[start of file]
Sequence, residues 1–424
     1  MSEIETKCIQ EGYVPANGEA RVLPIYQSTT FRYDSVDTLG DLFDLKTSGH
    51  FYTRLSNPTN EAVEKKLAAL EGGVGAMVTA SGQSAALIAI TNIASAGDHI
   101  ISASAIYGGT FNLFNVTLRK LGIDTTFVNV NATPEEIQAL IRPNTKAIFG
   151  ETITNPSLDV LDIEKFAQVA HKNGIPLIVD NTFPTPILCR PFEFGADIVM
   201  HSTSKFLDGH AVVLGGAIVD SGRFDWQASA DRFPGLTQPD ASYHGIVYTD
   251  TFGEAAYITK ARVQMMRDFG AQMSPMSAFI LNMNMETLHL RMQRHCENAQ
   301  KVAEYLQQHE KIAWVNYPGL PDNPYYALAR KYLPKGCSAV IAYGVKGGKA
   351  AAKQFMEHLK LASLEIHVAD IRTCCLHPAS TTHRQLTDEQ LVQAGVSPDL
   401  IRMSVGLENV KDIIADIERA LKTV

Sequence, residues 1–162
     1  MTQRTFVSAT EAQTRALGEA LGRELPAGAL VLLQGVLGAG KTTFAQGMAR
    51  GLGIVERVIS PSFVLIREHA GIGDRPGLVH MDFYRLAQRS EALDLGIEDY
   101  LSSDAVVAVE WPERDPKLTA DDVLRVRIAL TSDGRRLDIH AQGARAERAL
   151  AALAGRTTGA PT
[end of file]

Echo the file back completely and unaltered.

Sequence, residues 1–424
     1  MSEIETKCIQ EGYVPANGEA RVLPIYQSTT FRYDSVDTLG DLFDLKTSGH
    51  FYTRLSNPTN EAVEKKLAAL EGGVGAMVTA SGQSAALIAI TNIASAGDHI
   101  ISASAIYGGT FNLFNVTLRK LGIDTTFVNV NATPEEIQAL IRPNTKAIFG
   151  ETITNPSLDV LDIEKFAQVA HKNGIPLIVD NTFPTPILCR PFEFGADIVM
   201  HSTSKFLDGH AVVLGGAIVD SGRFDWQASA DRFPGLTQPD ASYHGIVYTD
   251  TFGEAAYITK ARVQMMRDFG AQMSPMSAFI LNMNMETLHL RMQRHCENAQ
   301  KVAEYLQQHE KIAWVNYPGL PDNPYYALAR KYLPKGCSAV IAYGVKGGKA
   351  AAKQFMEHLK LASLEIHVAD IRTCCLHPAS TTHRQLTDEQ LVQAGVSPDL
   401  IRMSVGLENV KDIIADIERA LKTV

Sequence, residues 1–162
     1  MTQRTFVSAT EAQTRALGEA LGRELPAGAL VLLQGVLGAG KTTFAQGMAR
    51  GLGIVERVIS PSFVLIREHA GIGDRPGLVH MDFYRLAQRS EALDLGIEDY
   101  LSSDAVVAVE WPERDPKLTA DDVLRVRIAL TSDGRRLDIH AQGARAERAL
   151  AALAGRTTGA PT